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Date: Oct 18, 2019

Reforestation may not be sufficient for fighting climate change Could the Earth carry a quarter more forest? Researchers at the University of Bonn and World Agroforestry consider this estimate far too high

In early July, a study in Science made global headlines: Earth could carry 4.4 billion hectares of canopy cover, which is 900 million more than today. Through reforestation, 205 gigatons of carbon could be removed from the atmosphere and climate change effectively slowed down. Scientists at the University of Bonn and World Agroforestry consider these figures strongly inflated: they argue that these numbers are based on highly simplified or questionable assumptions. Their response letter was released on 18th October, also in Science.

The original study is based on a simulation by scientists from ETH Zurich, who had investigated how much forest the Earth could theoretically support in areas not currently inhabited or managed by humans. For this, they had looked at nature reserves around the globe, that is, regions that are largely free from human influence.
 
In each of these areas, the researchers had looked to what extent they are covered by forest. In addition, they considered various site factors, such as annual mean temperature, soil conditions or rainfall. These values were used to feed machine-learning software. After a training phase, the program could then predict for any other areas how much forest cover would be possible. Result: the Earth could carry 4.4 billion hectares of canopy cover, that is, 900 million hectares or just over 25 percent more than today.
 
Forest in high-latitude permafrost regions?
 
Scientists at the University of Bonn and World Agroforestry express concerns about this number: “The model is much too coarse,” criticized Prof. Dr. Eike Luedeling from the Institute of Crop Science and Resource Conservation of the University of Bonn.
 
Among other things, only three soil parameters are included in the analysis; not nearly enough to account for the wide variation in productive potential that characterize the world’s biomes. In addition, soils in many currently deforested areas are eroded or otherwise degraded so that the success of reforestation measures would be highly questionable.
 
The situation is similar with climatic factors: the software takes into account the annual average but not the lowest and highest temperature of a location.
 
“As a result, the study sees, for example, significant reforestation potential in the tundra,” said Luedeling's colleague Dr. Katja Schiffers. “Yet such regions are characterized by permafrost: even in summer, the ground only thaws superficially. Under these conditions, no significant increase in tree cover is possible.”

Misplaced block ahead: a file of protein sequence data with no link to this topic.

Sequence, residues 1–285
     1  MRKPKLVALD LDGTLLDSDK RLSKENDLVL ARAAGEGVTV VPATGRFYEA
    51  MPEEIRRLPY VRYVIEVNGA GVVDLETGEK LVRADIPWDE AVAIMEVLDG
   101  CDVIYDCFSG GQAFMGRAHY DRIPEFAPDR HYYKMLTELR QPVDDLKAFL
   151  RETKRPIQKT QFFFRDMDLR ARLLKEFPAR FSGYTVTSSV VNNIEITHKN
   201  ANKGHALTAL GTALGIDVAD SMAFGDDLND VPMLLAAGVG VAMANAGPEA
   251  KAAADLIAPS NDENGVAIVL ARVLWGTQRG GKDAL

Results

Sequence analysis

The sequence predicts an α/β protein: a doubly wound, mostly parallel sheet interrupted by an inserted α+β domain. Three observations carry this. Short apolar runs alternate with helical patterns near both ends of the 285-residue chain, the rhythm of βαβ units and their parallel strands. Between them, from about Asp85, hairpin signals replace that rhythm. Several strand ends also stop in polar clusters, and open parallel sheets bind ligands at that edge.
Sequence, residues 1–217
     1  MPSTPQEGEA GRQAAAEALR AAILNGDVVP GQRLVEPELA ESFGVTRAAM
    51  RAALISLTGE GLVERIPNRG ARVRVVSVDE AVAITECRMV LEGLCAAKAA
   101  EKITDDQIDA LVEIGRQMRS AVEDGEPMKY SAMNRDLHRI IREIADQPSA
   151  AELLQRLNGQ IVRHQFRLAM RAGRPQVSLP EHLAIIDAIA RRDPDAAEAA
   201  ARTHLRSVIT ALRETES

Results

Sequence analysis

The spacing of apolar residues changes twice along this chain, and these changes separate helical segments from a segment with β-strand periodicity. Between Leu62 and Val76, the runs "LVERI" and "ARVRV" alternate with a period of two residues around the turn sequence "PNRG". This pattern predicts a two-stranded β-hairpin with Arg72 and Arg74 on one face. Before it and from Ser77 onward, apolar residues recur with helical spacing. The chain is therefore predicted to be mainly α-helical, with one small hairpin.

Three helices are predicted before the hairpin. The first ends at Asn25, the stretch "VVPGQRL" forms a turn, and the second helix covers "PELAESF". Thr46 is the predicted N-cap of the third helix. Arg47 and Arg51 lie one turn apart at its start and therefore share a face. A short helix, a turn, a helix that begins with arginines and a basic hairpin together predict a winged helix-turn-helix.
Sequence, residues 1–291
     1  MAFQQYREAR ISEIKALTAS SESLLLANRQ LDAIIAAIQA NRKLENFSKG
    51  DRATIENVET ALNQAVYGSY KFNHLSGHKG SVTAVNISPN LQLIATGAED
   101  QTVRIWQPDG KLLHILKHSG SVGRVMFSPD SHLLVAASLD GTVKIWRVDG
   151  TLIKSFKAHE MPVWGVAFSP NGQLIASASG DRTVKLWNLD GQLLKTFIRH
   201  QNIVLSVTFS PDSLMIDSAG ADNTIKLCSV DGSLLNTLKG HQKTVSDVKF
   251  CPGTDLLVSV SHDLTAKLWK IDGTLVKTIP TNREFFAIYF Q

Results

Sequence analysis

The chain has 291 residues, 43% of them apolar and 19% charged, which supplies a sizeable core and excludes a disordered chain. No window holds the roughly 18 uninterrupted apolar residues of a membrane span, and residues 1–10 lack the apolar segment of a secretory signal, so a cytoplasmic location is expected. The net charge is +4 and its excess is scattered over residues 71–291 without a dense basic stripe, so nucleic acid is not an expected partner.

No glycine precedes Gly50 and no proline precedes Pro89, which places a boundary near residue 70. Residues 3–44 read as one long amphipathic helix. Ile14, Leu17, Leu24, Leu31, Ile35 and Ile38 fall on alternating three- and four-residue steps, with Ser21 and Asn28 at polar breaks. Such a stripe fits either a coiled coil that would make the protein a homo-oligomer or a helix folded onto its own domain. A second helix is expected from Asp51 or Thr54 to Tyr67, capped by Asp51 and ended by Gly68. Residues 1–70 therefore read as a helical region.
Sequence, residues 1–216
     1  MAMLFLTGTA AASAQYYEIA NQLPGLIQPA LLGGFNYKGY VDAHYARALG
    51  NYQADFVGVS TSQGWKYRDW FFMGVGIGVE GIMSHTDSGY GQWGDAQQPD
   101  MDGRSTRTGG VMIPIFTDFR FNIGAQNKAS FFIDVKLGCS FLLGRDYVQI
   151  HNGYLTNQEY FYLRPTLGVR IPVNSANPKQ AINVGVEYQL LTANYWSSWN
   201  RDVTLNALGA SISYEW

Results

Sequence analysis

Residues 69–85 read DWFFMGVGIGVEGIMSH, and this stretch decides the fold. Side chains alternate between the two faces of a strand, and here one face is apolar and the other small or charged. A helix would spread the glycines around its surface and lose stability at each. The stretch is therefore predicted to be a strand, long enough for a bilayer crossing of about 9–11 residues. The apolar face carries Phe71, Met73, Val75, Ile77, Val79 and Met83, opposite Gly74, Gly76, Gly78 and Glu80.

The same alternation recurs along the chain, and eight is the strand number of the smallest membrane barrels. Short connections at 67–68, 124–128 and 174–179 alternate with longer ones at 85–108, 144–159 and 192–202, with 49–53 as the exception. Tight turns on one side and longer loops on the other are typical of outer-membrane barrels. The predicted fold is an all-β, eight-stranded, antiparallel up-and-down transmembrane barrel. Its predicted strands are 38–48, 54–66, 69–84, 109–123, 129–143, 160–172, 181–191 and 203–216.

The scientists also encountered inconsistencies in other aspects of the study. For example, the ETH researchers also considered pasture land, which is currently being used for livestock farming, as potential reforestation areas. The same was true for villages, smaller settlements and even for some megacities, such as Kinshasa, the capital of the Democratic Republic of the Congo.
 
Around 2.5 billion people live in the areas that the study recommends for reforestation,” said Luedeling. “It is very questionable whether these regions are really suitable.”
 
The researchers also have doubts about the alleged potential of the newly planted trees to bind additional carbon dioxide.
 
“The calculation method ignores, for example, that pastures or arable land also contain large amounts of CO2,” said Luedeling. The estimate of well over 200 gigatons of carbon, which reforestation could remove from the atmosphere, seemed considerably too high to him. “I think 20 to 30 gigatons are more realistic.”
 
In general, he welcomed the idea of ​​renaturing land wherever possible, if only because ecosystems would benefit enormously. However, such measures should not be expected to quickly slow global warming because forests take several decades to mature. Deforested rainforest areas can sometimes not be restored at all: the effects of deforestation on the local climate are too great and the soils are too poor in nutrients. 
 
“However, there is some potential to increase tree cover in agricultural land through agroforestry,” added Keith Shepherd of World Agroforestry.
 
What remains undisputed is that reforestation removes carbon dioxide from the atmosphere. This, however, is a one-off effect: as soon as the last area is densely forested again, sequestration will slow significantly.
 
“Reforestation buys us time that we urgently need,” agreed Luedeling. “But it can only be one building block in a comprehensive strategy to avoid catastrophic climate change.”
 
Publication: Eike Luedeling, Jan Börner, Wulf Amelung, Katja Schiffers, Keith Shepherd and Todd Rosenstock. 2019. Forest restoration: overlooked constraints. Science. DOI: dx.doi.org/10.1126/science.aay7988 
 
 
Media contacts:
Prof. Dr. Eike Luedeling
Institute of Crop Sciences and Resource Conservation (INRES)
University of Bonn, Germany
Phone: +49 228 73-5135
 
Ms Jeanne Finestone
Head of Communications and Partnerships
World Agroforestry, Nairobi, Kenya
Phone: +254 711 946 327
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